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January 26, 2011

Roy, Trigger and Me

Norman M. Covert

Sheriff Chuck Jenkins won’t be issuing concealed gun carry permits to Frederick County applicants this year – probably never will, as a result of the decision to drop the proposal from Frederick County’s 2011 legislative package. It wasn’t going to gain traction in Annapolis anyway, considering the statewide implications.


The reality of the proposal, though, isn’t lost on those who view the need for Maryland to be a “shall issue” state. Self-defense should be an option considering the huge number of criminals who are armed without anyone’s permission. Their guns come with only the requirement of cash and carry.


My first guns were faux engraved Colt Peace Maker, single-action revolvers, carried in a double holster rig, which adorned my Roy Rogers cowboy suit. I could get ammo – a roll of caps – at the grocery store after exchanging empty soda bottles for the two cents deposit return fee. My neighborhood was filled with desperadoes foraging for bottles.


Toy stores rarely stock toy guns and outfits in favor of today’s “super heroes,” none of whom uses guns – lasers perhaps, but not guns. That would be a dangerous example to set for our innocent children.


Roy Rogers, King of the Cowboys and Silver Screen, exists now as a purveyor of roast beef sandwiches and fried chicken; Dale Evans and Trigger, “Smartest Horse in the Movies,” exist only in the memories of adolescent senior citizens and the growing population of Western Cowboy aficionados.


My pals and I could escape to the movie theater “over town,” where we were card-carrying members of the Roy Rogers Riders’ Club. Excited kids took part in on-stage games, entertainment and prizes. Then came a couple of movie serials to get us ready for the “feature attraction” starring such Western heroes as Roy, Gene Autry, Wild Bill Elliot, Rex Allen, Bob Steele – the stable was full of stars.


The feature unfailingly showed a posse chasing bad guys, guns firing at will with a seemingly endless supply of ammunition. Horses never tired; good guys wore white hats, the bad guys wore black. Cable TV’s Western Channel rates these movies usually as “mild violence.”


Nostalgia for the innocence of youthful fire fights is offset by the heartbreaking reality that today’s children grow up far sooner than they should. They are bombarded with multi-media broadcasts of real guns, violence and blood.


Children in low income neighborhoods are beset by thugs of all ages, brandishing weapons that often kill innocent bystanders as well as street rivals. These drug dealers and assorted small-time criminals play a deadly game. Their arsenals include assault rifles and urban machine guns, often a step ahead of police procurement.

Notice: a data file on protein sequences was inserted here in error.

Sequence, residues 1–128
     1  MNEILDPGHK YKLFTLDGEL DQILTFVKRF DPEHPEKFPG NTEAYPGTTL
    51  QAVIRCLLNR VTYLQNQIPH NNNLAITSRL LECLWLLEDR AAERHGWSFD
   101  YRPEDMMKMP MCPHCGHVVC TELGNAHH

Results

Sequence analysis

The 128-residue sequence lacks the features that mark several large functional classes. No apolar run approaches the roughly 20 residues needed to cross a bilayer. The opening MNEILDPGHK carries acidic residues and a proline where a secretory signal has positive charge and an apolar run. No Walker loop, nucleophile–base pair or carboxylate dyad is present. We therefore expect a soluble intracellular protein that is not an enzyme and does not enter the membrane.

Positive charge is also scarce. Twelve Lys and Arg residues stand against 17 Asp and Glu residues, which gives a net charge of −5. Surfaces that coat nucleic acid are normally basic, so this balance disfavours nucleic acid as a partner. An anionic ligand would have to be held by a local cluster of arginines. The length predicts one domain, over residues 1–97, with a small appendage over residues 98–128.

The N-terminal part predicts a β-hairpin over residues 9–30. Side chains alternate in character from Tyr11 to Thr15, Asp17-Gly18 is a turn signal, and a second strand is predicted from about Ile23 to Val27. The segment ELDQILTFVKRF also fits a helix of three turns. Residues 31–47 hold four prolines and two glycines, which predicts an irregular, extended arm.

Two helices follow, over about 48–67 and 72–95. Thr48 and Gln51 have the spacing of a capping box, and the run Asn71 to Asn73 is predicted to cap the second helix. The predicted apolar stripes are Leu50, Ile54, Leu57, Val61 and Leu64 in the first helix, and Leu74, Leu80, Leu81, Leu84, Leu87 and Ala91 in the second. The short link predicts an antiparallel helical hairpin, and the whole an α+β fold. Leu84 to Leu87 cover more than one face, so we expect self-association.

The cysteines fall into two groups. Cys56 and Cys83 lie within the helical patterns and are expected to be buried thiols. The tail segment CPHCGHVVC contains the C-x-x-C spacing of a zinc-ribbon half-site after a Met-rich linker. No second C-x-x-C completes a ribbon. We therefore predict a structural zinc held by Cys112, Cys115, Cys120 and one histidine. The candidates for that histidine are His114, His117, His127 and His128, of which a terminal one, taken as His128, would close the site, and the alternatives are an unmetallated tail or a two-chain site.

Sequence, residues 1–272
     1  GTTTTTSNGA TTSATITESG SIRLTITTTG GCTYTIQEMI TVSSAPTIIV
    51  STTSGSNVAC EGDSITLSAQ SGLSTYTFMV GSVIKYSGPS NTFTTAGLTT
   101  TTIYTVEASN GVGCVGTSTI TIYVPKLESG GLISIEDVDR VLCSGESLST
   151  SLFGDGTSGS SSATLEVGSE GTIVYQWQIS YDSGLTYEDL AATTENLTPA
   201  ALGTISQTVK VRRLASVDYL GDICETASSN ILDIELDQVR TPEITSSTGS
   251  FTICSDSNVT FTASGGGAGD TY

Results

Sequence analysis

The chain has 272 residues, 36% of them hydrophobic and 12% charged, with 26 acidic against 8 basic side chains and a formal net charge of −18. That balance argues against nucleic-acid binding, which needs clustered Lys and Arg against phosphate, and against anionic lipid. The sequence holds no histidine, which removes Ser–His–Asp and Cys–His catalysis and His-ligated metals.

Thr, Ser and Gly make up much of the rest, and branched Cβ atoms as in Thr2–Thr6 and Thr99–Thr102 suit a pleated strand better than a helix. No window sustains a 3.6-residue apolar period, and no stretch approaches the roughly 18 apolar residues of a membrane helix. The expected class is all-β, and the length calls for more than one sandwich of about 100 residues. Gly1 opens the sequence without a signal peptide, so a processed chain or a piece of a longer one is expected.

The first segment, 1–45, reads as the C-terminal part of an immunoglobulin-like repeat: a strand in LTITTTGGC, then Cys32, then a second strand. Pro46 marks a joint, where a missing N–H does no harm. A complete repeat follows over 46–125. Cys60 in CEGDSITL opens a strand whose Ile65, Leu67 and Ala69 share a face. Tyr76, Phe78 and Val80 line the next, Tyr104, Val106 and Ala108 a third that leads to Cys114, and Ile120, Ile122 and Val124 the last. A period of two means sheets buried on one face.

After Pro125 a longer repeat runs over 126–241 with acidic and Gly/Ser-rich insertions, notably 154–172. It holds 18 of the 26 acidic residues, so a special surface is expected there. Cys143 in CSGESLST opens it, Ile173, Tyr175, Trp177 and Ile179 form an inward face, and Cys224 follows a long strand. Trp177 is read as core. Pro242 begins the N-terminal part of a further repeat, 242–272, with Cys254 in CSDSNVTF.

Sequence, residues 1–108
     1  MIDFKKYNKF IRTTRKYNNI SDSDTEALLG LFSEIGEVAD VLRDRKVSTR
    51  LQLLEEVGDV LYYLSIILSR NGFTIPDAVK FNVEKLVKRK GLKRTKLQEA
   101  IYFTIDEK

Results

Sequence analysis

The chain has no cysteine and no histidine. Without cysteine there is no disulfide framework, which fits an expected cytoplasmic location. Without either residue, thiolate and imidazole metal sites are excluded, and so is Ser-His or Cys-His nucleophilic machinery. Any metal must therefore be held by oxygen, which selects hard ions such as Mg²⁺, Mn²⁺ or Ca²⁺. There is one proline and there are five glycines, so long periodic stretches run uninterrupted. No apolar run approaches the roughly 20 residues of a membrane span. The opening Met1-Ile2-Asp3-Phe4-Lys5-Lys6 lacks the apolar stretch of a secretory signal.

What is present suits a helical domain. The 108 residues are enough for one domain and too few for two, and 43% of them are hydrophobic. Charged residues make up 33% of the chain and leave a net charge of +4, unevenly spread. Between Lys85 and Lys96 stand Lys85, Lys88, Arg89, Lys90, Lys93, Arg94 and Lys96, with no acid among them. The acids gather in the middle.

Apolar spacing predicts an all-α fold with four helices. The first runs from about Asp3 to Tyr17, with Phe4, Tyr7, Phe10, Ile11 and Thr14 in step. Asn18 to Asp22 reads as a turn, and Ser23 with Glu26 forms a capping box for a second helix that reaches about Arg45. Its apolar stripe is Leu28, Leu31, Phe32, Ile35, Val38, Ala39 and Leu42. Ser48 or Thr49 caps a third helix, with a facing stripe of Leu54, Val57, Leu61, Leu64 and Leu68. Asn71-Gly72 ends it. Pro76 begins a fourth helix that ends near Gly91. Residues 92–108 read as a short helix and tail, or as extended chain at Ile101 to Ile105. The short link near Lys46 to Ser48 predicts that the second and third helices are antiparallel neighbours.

Frederick is just as likely to have illegal gun violence as Baltimore, Prince George’s County, or Washington, D.C. Our Sagner, Hillcrest, Heather Ridge and Key Parkway neighborhoods have had their share of violence in which illegal firearms were used.


Robert Lee Murphy is awaiting his second trial next month, accused of killing Stephen Mauk, a driver for Frederick Yellow Cab. Murphy apparently was driven from Frederick to East Baltimore, where Mr. Mauk’s body was discovered in January 2009. Charges include use of a firearm in commission of a crime. Apparently Murphy didn’t bother to apply for approval to either purchase or carry his 9 mm Glock.


The demand for pistols and rifles, whether for recreation, hunting or self defense has not relented among the law-abiding populace. One dealer said whenever there is an inkling of more gun ownership restrictions, the public increases its demand for both firearms and ammunition.


My first experience firing a real gun was at Camp Skimino, VA, where Boy Scout instructors introduced me to shooting and safety with a .22 cal. single-shot rifle. My country cousins dubbed me "Deadeye" for my display of erring accuracy while joining them on hunting safaris in the Virginia foothills of Orange County.


My first gun was purchased in 1962 from the Woolco discount store. The military surplus 6.5 mm Italian Mannlicher-Carcano rifle was inexpensive and was dubbed the “firein-shpittin-loudnboomer.” Made in 1933, it was used in several iterations during World War II and later was the weapon of choice for President John F. Kennedy’s assassin Lee Harvey Oswald.


Mr. Oswald defected to the Soviet Union after his dishonorable discharge from the U. S. Marine Corps. He was a confused Marxist and rabid supporter of Cuban Premier Fidel Castro. He has been described as an emotionally and politically troubled young man. He attempted the assassination of political activist Gen. Edwin Walker in April 1963, and then succeeded in November 1963 with the shooting of President Kennedy, Gov. John Connolly and police officer J. D. Tippets in Dallas, TX.


The description of Mr. Oswald parallels in many ways the persona of Tucson, AZ, shooter Jared Lee Loughner. He jump-started this latest raft of gun commentaries with his unprovoked attack on Rep. Gabrielle Giffords (D., AZ) and the other innocent people who fell under the hail of his gunfire.


Those of us who co-exist safely with firearms share our joy of shooting with other law-abiding citizens and continue to be in the majority, albeit not by much in the halls of Congress or the Maryland State House. We must encourage and support legislators who understand the Second Amendment to the Constitution and, as much as anything, the threat we face from armed criminals.


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